|dc.description.abstract||The classic approach to the design of real time systems is to determine worst-case scenarios for the system statically and manually and then build the system with sufficient resources to meet deadlines and goals. This approach has worked well for traditional real time systems which operate in relatively simple, well-characterized environments. However the emerging generation of complex, dynamic and uncertain real time application domains accentuates the growing need for flexible, adaptable design approaches for real time systems. With the increasing complexity of real time systems, it is becoming infeasible to build systems with sufficient resources to meet the functional and timing requirements of all application tasks at all times. What is becoming increasingly important in the new paradigm of real time computing is the need to meet deadlines with sufficient system solution quality without having to design the system to support worst case program execution. In this thesis, we explore the possibility of exploiting "soft computing" properties of kernels to meet this objective. The chief characteristic of "soft computations" is the fact that they are able to provide cruder results before they complete, or they may execute for a long time refining an already adequate result. In other words, such computations are able to provide useful/incremental results before fully completing execution. More specifically they provide a trade-off between computation time and algorithm solution quality.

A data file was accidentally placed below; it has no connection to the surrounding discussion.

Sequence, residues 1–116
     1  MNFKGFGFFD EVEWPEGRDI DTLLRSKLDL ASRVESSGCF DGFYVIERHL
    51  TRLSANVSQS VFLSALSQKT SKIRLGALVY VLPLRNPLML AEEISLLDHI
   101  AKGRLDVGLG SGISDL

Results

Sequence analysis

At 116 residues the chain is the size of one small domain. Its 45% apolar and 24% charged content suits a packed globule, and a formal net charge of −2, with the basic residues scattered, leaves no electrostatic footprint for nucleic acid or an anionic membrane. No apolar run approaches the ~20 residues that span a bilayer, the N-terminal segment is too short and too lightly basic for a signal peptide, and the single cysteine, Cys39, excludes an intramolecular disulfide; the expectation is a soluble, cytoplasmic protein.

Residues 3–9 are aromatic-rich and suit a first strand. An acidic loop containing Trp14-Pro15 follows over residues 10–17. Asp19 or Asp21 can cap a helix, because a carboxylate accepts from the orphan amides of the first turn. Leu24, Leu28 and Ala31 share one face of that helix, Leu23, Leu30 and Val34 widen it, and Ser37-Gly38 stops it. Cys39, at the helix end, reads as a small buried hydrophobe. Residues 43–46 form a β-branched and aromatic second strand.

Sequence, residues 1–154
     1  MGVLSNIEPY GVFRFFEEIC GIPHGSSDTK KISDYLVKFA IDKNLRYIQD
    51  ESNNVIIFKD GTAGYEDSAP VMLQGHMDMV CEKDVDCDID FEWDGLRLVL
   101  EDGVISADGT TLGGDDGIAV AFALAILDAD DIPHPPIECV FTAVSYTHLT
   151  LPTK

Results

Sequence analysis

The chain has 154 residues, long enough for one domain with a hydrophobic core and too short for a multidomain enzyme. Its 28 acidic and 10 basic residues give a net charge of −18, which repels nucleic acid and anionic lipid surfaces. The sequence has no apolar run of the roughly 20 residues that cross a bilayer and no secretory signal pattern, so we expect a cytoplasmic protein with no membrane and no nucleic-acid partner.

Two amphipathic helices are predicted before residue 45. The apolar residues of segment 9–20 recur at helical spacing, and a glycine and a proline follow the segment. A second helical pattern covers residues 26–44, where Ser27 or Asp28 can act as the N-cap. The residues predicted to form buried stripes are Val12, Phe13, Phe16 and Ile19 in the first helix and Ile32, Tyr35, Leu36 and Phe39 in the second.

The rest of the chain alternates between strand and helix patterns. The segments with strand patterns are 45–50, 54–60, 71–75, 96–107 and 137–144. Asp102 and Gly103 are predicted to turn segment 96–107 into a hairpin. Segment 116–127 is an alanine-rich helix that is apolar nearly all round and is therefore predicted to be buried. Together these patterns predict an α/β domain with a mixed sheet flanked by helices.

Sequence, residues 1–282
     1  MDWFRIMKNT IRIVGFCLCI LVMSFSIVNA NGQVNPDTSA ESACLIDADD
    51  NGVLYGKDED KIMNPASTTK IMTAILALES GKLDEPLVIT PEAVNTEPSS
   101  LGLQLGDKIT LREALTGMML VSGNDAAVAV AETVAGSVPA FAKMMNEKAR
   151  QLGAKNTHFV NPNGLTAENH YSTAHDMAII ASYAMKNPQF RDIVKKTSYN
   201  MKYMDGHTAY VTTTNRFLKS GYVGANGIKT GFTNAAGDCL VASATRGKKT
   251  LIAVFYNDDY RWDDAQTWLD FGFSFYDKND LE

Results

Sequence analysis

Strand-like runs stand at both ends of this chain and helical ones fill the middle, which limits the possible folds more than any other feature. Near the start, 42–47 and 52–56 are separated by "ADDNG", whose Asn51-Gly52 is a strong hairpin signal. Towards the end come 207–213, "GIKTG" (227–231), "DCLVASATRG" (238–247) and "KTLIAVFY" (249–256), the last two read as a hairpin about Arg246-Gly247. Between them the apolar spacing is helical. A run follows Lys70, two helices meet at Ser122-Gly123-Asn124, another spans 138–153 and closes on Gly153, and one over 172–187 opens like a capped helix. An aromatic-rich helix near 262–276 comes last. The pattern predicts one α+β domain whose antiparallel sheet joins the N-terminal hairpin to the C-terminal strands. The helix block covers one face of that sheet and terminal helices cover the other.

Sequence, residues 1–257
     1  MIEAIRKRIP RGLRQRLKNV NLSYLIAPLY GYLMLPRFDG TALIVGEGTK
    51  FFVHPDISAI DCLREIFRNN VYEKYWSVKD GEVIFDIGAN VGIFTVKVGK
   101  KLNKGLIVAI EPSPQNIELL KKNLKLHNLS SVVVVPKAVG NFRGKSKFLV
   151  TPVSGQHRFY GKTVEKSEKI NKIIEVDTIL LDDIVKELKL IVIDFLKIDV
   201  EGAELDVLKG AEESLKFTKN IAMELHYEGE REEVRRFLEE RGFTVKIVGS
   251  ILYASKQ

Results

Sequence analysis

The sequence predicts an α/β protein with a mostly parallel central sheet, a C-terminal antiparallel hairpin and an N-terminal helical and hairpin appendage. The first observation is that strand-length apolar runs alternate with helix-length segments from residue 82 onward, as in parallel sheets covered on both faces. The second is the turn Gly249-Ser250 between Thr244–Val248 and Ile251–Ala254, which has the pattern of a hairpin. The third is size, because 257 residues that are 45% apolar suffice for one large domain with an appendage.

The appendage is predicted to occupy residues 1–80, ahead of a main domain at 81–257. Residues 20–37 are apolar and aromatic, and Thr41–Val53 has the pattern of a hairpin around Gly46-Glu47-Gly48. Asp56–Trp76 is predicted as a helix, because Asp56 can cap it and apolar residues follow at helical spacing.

This thesis addresses the design issues involved in building a system that exploits the "soft computing" properties of kernels to optimize real time performance. In this context, we make the following contributions. Firstly we build a system prototype of a real time situational assessment scenario. We thereafter identify "soft computations" in the system and characterize the computation time/solution quality trade-off opportunities provided by them using performance profiles. Thirdly, we introduce a method to use performance profile based models at run time to determine the optimal composition of different "soft computations" in order to meet real time deadlines with sufficient system solution quality. We quantify the gains from our method both in terms of functional correctness of the system as well as CPU utilization as compared to conventional real time scheduling techniques. We observe that our dynamic scheduling scheme on an average is able to meet the system goals with 39% more accuracy with no missed deadlines as compared to conventional real time scheduling techniques for various design points that do not support worst case behavior. In addition, our method is able to meet the system objective while being highly utilized. Most importantly, our scheme exploits the soft computing properties of kernels to facilitate the design of the system at less aggressive design points while meeting deadlines and system goals at the same level as conventional real time design methodology. Finally, we perform an experimental study to understand the sensitivity of performance profiles to various input data parameters and identify the potential for online learning of performance profiles.||en_US